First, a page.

Fitting new tires to your bike has the same nervous anticipation of a blind date. You’re wondering from the get-go whether the relationship will work out, or if it might be a terrible mismatch. Or will I embarrass myself and fall flat on my face?
And just like that dating situation, you want to believe the hype – whether it’s dished up by your friend promising you that “this girl has a lot more goin’ on than a good personality, trust me bro’,” or whether it’s the tire company spokesman promising you that “these are way better tires in all conditions than the beat-up hoops you are currently running.” Still, those first few miles (or minutes) are always charged with trepidation, tentativeness and emotional turmoil.
The case of these new-for-2004 Metzeler Z6 sport-touring tires fits the above analogy precisely. I’ve had plenty of miles on their previous generation Z4 tires, which have been and continue to be steady sellers for Metzeler. But I, like some others have reported, was let down by how much they slowed the steering of most any bike to which they were fitted, how they tended to stand up under braking and how long they took to warm up and grip at sporting lean angles. The overall result was that they caused the rider to want to hold back from full-tilt sport riding.
Case in point: a stock 2002 Honda Interceptor owned by a friend of mine, fitted with Z4s. He’s always been a relatively quick rider, but when we’d go for one of our nice little Sunday morning banzai runs between radar traps, he’d fall behind as though he was riding a ’48 Knucklehead with balloon whitewalls. When I test-rode it, the thing was a total bull in the twisties – heavy, slow, and plodding to the point that we kept double-checking tire pressures, steering head bearings and messed a lot with the available suspension adjustment, all to no avail.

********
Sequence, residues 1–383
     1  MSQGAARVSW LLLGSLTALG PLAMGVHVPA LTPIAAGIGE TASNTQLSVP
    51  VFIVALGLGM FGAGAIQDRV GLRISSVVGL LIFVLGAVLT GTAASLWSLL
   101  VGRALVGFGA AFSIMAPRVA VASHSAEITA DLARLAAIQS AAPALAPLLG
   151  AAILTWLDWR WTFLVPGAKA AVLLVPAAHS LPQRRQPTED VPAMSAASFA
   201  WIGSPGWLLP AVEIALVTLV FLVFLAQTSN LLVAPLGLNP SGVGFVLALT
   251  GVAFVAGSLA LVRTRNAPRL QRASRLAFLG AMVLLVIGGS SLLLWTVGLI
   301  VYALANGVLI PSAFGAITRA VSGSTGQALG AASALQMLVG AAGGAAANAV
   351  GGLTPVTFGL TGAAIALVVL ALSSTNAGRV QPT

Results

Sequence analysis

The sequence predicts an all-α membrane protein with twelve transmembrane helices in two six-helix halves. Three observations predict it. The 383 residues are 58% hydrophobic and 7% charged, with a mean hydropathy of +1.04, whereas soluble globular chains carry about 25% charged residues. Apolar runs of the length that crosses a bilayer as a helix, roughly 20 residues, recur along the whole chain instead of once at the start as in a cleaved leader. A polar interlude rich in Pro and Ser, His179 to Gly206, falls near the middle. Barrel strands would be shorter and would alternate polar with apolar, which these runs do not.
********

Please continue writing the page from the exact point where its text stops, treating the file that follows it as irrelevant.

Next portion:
His ‘Ceptor handled a lot worse than a similar Honda press fleet bike I previously had tested, and immeasurably crappier than the quick, fun and responsive 1998 VFR that I used to own. As a last resort, I talked him into spooning on a set of Dunlop 208s and, you guessed it, the bike was transformed. It seemed as if the relationship between the Z4’s design and that of the VFR is as oil is to water.
So I was heartened to learn at the press intro for the new Z6 – held in unseasonably cold Ojai, California – that the current VFR was the main bike used for developing and testing the new Z6. I felt like I had a little secret up my sleeve here and it would be tough for Metzeler to pull one over on me. But unlike some manufacturers who stand blithely behind anything they have for sale, the mix of Italians and Americans on hand from Metzeler were quite forthcoming about the Z4’s problems. They actually listened to complaints from customers and journalists, and the problems I described were addressed with the new Z6.